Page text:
Peter, your friends and family thank you for everything you brought into their lives. Those who knew and loved you will always honour your memory with love and gratitude.

You remain in their heart and in their minds, carried with them
as they move forward with their lives.
Everything you have done is still done.
Everyone you love is still loved.
Everything learnt from you is still learnt.
You now pass from this world for which you did so much.
When your loved ones walk this earth, they walk it with you.
You leave them with the strength and pride to do what is good and right.
Your memory continues to guide them as you did when you were at their side.
For this they thank you for everything you were and everything you gave.

We now commit the body of Peter George Baines to its natural end as we say farewell to a caring and devoted man who gave so much to so many. Long may you remember Peter’s loving ways. Recall all those aspects of his life which you loved, honoured and respected. By bestowing those same gifts on others, you will keep his memory and spirit alive. With love,leave him in peace, with respect, bid him farewell.

Love is not changed by death and nothing is lost.And all in the end is harvest.

Poem: Time Passes by Peter George Baines

The next poem, Time Passes was found among Peter’s things,and would appear to be his own composition, so it seems fittingthat we should hear it read today.

Where has all the time gone? The time we used to know
When we were young and growing up it seemed to go so slow.
But many years have come and gone since those far off days
We’ve played, we’ve worked, we’ve enjoyed ourselves in so many ways.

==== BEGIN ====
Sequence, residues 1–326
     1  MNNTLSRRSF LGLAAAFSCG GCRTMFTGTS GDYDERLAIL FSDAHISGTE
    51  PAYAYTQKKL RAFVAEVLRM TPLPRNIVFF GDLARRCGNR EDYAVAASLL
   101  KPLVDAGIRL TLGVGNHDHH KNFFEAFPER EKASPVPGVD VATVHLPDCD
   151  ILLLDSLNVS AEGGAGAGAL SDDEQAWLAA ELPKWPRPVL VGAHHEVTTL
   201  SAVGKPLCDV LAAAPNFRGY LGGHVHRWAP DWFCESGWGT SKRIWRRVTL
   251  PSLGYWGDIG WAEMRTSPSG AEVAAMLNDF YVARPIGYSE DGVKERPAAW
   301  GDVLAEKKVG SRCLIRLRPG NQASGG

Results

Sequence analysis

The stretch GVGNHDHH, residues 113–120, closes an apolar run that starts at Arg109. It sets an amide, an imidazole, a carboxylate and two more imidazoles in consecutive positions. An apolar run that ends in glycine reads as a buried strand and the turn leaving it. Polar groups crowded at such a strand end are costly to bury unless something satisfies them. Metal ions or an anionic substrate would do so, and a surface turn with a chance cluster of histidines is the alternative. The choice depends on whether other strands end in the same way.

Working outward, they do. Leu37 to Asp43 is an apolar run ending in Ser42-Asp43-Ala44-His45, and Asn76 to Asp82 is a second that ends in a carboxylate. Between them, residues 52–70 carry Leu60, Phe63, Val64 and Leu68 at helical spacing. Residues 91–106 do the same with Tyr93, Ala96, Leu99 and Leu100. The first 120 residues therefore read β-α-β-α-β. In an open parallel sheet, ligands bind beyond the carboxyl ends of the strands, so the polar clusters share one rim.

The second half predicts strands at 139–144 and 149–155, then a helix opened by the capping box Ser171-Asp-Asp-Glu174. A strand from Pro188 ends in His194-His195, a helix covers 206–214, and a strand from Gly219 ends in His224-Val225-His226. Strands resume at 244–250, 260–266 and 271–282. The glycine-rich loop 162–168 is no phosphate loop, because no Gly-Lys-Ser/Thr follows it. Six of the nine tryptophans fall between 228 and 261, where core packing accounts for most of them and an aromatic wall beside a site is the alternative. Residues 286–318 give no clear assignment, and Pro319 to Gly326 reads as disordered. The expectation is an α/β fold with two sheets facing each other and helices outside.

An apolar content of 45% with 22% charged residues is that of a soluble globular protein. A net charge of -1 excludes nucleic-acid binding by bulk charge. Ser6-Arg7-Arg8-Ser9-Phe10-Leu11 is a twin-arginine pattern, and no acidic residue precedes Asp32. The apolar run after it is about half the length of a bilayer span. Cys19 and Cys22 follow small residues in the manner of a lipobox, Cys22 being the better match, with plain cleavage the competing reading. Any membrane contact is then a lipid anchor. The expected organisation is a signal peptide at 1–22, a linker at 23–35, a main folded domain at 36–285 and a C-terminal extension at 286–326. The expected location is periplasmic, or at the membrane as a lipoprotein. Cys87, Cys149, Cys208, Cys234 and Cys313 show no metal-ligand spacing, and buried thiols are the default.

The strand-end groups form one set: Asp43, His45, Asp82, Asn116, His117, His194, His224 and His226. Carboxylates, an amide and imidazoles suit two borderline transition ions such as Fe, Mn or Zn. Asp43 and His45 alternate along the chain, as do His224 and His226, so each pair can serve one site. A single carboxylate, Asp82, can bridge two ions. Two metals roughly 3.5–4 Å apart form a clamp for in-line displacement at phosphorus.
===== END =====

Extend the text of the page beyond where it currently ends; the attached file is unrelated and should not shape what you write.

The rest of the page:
But now our time is running out. We’ve reached four score and ten.
It would be nice in looking back, to start it all again.
But the clock that ran so slowly in the long, long days all past
Has got its ruddy foot down, and time ticks away too fast.

Closing Words

It is a matter for rejoicing that Peter’s memory lives on through his family and friends. His influence can be seen in theconsequences of his life’s work, which will endure. Peter will be
remembered as a presence whose life truly made a difference to the world. That knowledge will bring you comfort.

Let us not despise death, but be well content with it, since it is one of the things that nature wills -being young, experiencing life and reaching maturity, witnessing the seasons of the world
and the seasons of the heart, so also is the end to life.

In times of darkness, love sees…
In time of silence, love hears…
In times of doubt, love hopes…
In times of sorrow, love heals…
And in all times, love remembers.
May time soften the pain
Until all that remains
Is the warmth of the memories
And the love.

Think about the hopes that Peter would have had for you today.
Where you feel sorrow, Peter would prefer you to smile. But know that he would forgive the grief and the sorrow, becausehe would understand that you are remembering his life, which has touched you in so many ways.

Leave here today with memories of Peter in your hearts andminds. May these memories always bring you comfort and mayPeter rest forevermore in love, light and peace.

Exit. Music: Scotland The Brave – Celtic Pipes

Additional information
Funeral Director: Daniel Robinson, Braintree
Curtains to remain open
Refreshments at Hare and Hounds, High Garrett
Donations to Chest, Heart and Stroke, Scotland